Osteocalcin and Non-Alcoholic Fatty Liver Disease: Lessons From Two Population-Based Cohorts and Animal Models

Mingfeng Xia, Shunxing Rong, Xiaopeng Zhu, Hongmei Yan, Xinxia Chang, Xiaoyang Sun, Hailuan Zeng, Xiaoming Li, Linshan Zhang, Lingyan Chen, Li Wu, Hui Ma, Yu Hu, Wanyuan He, Jian Gao, Baishen Pan, Xiqi Hu, Huandong Lin, Hua Bian, Xin Gao

Research output: Contribution to journalArticlepeer-review

17 Scopus citations


Osteocalcin regulates energy metabolism in an active undercarboxylated/uncarboxylated form. However, its role on the development of non-alcoholic fatty liver disease (NAFLD) is still controversial. In the current study, we investigated the causal relationship of circulating osteocalcin with NAFLD in two human cohorts and studied the effect of uncarboxylated osteocalcin on liver lipid metabolism through animal models. We analyzed the correlations of serum total/uncarboxylated osteocalcin with liver steatosis/fibrosis in a liver biopsy cohort of 196 participants, and the causal relationship between serum osteocalcin and the incidence/remission of NAFLD in a prospective community cohort of 2055 subjects from Shanghai Changfeng Study. Serum total osteocalcin was positively correlated with uncarboxylated osteocalcin (r = 0.528, p <.001). Total and uncarboxylated osteocalcin quartiles were inversely associated with liver steatosis, inflammation, ballooning, and fibrosis grades in both male and female participants (all p for trend <.05). After adjustment for confounding glucose, lipid, and bone metabolism parameters, the male and female participants with lowest quartile of osteocalcin still had more severe liver steatosis, with multivariate-adjusted odds ratios (ORs) of 7.25 (1.07–49.30) and 4.44 (1.01–19.41), respectively. In the prospective community cohort, after a median of 4.2-year follow-up, the female but not male participants with lowest quartile of osteocalcin at baseline had higher risk to develop NAFLD (hazard ratio [HR] = 1.90; 95% confidence interval [CI] 1.14–3.16) and lower chance to achieve NAFLD remission (HR = 0.56; 95% CI 0.31–1.00). In wild-type mice fed a Western diet, osteocalcin treatment alleviated hepatic steatosis and reduced hepatic SREBP-1 and its downstream proteins expression. In mice treated with osteocalcin for a short term, hepatic SREBP-1 expression was decreased without changes of glucose level or insulin sensitivity. When SREBP-1c was stably expressed in a human SREBP-1c transgenic rat model, the reduction of lipogenesis induced by osteocalcin treatment was abolished. In conclusion, circulating osteocalcin was inversely associated with NAFLD. Osteocalcin reduces liver lipogenesis via decreasing SREBP-1c expression.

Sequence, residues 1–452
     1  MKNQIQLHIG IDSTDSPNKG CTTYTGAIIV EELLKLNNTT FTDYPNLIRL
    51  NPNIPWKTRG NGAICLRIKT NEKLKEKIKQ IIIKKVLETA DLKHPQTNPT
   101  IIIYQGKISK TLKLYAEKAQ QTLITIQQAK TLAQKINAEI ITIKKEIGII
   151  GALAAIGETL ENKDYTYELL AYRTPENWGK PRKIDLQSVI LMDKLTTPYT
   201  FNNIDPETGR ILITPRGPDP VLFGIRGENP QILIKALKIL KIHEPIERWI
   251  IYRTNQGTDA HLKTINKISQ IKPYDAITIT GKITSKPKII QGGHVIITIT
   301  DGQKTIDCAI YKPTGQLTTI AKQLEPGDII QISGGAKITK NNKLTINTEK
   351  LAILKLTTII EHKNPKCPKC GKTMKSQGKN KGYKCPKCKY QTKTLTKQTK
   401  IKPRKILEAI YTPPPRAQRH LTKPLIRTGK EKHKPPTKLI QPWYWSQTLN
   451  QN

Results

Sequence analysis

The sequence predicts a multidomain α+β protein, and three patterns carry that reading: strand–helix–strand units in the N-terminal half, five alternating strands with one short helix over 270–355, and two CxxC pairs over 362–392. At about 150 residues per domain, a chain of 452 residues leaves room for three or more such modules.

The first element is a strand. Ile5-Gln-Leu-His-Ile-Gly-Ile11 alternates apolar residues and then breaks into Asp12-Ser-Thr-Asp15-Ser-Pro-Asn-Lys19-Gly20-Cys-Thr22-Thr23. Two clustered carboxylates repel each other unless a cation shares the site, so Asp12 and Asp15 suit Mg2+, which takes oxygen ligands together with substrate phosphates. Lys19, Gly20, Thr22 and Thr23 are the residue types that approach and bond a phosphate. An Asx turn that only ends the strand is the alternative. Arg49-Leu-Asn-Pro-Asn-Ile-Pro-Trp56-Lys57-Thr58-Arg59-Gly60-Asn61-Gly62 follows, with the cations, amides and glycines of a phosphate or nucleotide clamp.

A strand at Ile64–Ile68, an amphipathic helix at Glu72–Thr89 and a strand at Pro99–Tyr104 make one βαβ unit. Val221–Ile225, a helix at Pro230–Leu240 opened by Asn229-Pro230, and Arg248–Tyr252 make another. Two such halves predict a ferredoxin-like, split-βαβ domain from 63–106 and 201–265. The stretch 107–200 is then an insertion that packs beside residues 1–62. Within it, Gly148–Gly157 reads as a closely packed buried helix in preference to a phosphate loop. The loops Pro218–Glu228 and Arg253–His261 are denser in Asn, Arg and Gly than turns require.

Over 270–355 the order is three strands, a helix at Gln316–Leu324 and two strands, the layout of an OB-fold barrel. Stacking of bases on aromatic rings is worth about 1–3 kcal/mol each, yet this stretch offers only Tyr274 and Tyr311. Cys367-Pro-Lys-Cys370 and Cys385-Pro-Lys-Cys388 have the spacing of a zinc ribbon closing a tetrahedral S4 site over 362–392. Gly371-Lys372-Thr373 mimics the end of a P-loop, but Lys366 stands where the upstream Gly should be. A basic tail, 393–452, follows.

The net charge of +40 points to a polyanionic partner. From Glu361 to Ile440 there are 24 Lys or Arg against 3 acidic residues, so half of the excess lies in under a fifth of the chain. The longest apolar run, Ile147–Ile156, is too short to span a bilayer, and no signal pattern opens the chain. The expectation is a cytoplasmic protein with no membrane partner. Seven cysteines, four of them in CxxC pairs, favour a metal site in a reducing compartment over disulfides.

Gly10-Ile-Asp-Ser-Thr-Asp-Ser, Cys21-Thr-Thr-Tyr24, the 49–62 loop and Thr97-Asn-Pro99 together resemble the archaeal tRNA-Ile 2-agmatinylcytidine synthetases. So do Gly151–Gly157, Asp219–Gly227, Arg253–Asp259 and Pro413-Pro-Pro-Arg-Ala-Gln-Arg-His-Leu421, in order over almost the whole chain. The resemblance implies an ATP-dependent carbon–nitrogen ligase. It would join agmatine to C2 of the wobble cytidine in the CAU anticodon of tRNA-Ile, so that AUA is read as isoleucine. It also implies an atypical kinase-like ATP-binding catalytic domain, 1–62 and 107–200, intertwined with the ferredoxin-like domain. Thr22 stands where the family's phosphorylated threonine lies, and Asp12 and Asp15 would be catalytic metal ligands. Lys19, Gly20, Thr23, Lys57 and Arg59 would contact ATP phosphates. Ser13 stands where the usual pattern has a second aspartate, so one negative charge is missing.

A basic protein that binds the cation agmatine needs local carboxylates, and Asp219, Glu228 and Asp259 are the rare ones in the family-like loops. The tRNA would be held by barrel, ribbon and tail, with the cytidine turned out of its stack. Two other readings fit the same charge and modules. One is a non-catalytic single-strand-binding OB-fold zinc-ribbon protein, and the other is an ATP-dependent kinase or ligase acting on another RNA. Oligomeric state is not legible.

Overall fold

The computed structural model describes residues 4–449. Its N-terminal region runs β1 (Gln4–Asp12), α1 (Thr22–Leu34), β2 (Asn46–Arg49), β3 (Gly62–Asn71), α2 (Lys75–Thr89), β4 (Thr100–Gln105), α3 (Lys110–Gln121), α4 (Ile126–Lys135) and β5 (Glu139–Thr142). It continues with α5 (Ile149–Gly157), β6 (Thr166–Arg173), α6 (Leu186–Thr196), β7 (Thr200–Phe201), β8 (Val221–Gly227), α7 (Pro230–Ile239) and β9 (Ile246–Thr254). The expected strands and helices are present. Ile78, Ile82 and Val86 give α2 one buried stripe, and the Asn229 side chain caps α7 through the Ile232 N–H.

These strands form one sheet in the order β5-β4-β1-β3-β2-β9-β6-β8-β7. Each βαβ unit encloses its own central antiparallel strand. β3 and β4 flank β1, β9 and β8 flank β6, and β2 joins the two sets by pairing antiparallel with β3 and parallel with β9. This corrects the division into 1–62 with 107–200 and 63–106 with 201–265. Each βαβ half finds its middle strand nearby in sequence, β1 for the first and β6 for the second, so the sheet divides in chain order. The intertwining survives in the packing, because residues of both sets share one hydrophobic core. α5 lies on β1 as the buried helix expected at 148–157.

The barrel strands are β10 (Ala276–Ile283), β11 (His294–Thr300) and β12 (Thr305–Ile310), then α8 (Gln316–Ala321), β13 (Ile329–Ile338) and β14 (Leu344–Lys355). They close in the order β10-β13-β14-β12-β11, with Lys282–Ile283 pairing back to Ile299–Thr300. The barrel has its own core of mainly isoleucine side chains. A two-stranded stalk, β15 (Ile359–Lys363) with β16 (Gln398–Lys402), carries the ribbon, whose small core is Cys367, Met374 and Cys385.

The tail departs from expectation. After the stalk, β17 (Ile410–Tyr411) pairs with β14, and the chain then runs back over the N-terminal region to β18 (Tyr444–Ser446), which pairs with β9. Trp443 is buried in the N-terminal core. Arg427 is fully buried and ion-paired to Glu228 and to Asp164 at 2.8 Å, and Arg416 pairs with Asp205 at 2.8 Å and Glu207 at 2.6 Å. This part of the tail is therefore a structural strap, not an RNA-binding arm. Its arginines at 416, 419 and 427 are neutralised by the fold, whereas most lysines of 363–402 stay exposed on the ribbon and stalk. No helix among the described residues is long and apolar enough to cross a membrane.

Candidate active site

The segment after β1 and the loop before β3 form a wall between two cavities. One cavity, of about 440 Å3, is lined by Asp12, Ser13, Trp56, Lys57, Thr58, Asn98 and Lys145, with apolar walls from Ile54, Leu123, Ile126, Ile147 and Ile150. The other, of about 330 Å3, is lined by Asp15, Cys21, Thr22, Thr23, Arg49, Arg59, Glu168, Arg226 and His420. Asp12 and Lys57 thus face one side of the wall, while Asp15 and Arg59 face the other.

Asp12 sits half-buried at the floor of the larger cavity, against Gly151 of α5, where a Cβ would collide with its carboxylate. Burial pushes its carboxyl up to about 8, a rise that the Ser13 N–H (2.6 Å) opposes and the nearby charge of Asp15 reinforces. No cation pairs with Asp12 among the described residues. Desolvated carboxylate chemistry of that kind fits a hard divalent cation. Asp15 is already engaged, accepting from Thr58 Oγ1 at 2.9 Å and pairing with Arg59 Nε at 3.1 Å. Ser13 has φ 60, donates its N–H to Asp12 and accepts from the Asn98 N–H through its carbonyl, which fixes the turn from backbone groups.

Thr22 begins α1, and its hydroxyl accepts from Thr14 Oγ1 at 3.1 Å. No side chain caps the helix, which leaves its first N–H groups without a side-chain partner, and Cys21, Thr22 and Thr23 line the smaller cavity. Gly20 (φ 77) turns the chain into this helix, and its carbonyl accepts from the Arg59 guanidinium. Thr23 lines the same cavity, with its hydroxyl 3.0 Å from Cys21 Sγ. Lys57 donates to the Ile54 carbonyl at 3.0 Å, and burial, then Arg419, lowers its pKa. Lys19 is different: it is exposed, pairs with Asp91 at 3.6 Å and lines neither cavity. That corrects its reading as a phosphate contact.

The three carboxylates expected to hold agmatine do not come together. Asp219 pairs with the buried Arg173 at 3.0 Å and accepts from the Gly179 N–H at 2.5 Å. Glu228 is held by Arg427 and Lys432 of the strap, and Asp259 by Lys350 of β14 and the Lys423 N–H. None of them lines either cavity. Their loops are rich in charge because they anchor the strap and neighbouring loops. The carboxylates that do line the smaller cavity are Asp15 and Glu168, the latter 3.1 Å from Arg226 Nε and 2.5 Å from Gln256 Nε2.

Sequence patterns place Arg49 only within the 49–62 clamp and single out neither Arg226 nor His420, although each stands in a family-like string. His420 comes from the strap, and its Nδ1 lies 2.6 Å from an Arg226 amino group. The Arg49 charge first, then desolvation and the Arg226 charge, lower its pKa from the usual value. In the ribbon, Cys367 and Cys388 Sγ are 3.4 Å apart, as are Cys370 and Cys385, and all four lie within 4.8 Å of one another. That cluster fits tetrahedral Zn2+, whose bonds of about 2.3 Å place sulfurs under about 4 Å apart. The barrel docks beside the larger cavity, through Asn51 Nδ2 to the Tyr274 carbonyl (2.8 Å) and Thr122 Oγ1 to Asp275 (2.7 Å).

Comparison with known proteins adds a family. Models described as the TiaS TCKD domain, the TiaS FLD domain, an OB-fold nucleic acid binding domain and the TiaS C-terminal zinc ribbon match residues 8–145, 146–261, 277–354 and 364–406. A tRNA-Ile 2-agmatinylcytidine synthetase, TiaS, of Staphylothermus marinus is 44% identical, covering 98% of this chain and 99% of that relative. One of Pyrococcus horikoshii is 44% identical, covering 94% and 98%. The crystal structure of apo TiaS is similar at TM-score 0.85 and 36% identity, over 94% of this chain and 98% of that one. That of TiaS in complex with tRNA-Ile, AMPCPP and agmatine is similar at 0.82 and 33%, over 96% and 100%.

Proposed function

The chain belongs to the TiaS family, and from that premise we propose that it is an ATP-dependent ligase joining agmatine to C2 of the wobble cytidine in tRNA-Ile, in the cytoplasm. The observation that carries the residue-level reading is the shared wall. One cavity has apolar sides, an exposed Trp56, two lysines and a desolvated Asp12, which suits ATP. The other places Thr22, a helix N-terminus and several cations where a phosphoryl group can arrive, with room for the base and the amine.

Original languageEnglish (US)
Pages (from-to)712-728
Number of pages17
JournalJournal of Bone and Mineral Research
Issue number4
StatePublished - Apr 2021


  • SREBP-1C

ASJC Scopus subject areas

  • Endocrinology, Diabetes and Metabolism
  • Orthopedics and Sports Medicine


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